According to PinkNews, at least two clinics in the Netherlands will begin offering IVF treatment to gay couples and surrogate mothers from 2019. This could reduce outbound fertility tourism from Holland.
The change means that gay couples who want to become fathers will no longer have to travel abroad for treatment or surrogacy.
According to Dutch law, the person that gives birth to the child is the legal parent, even if the child “was conceived using a donor egg.” The current state of the law, experts say, would have to adjust to better regulate evolving surrogacy practices.
The law changed in 2014 to simplify the process by which the woman in a lesbian relationship who does not give birth to the baby can be recognised as the child’s legal parent. The change has not affected gay couples, who need to seek a court’s approval before obtaining joint responsibility of a child born through surrogacy. In the case of adoption, the same-sex couple obtains automatic joint responsibility.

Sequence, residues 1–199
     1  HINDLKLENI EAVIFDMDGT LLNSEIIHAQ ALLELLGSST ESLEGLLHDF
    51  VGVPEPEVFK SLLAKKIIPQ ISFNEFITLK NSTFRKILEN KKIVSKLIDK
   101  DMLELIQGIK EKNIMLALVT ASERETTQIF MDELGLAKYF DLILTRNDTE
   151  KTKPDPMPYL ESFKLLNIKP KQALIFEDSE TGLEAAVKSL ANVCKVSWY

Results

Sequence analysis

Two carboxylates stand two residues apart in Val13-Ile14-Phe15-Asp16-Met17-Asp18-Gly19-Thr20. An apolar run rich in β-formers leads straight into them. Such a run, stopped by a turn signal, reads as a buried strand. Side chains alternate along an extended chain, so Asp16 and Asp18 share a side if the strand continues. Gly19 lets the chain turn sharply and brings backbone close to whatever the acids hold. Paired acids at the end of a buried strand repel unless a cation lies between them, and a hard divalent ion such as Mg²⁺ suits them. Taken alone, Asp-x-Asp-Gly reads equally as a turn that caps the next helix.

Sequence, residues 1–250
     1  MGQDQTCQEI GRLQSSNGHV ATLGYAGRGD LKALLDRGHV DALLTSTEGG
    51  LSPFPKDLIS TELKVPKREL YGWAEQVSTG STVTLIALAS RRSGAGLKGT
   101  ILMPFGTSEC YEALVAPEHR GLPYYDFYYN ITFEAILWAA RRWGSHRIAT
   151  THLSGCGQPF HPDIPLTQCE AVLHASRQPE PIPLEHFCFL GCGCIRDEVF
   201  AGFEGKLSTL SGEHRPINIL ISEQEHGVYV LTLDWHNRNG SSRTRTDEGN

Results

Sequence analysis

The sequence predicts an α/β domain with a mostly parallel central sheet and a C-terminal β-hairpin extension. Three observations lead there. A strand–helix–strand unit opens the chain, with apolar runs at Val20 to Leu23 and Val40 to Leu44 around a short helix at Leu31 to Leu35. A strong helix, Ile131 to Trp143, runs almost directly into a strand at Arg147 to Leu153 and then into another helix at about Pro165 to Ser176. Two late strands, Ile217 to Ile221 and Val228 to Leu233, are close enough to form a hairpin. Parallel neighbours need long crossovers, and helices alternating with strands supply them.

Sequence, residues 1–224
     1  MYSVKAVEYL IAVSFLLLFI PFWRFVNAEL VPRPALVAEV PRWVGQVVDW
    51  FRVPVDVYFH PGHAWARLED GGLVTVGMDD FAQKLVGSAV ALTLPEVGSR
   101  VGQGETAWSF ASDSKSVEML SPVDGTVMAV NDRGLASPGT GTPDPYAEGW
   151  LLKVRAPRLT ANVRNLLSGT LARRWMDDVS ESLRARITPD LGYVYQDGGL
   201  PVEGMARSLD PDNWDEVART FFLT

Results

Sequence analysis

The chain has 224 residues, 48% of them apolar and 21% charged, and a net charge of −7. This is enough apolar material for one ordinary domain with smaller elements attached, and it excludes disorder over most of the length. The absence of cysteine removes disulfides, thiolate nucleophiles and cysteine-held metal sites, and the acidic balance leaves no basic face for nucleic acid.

The PinkNews article says that gay couples in Holland are not the only ones who are being forced to seek IVF treatment or surrogacy abroad.
It says earlier this year, the Israeli LGBT+ community went on strike after a new surrogacy law ignored the needs of gay couples. In the UK, the NHS has been struggling to meet demand for IVF treatment from both straight and gay couples, forcing hundreds to go abroad for the procedure, and in France, President Emmanuel Macron’s plan to allow lesbian couples and single women to access IVF treatment has face a backlash from certain parts of society.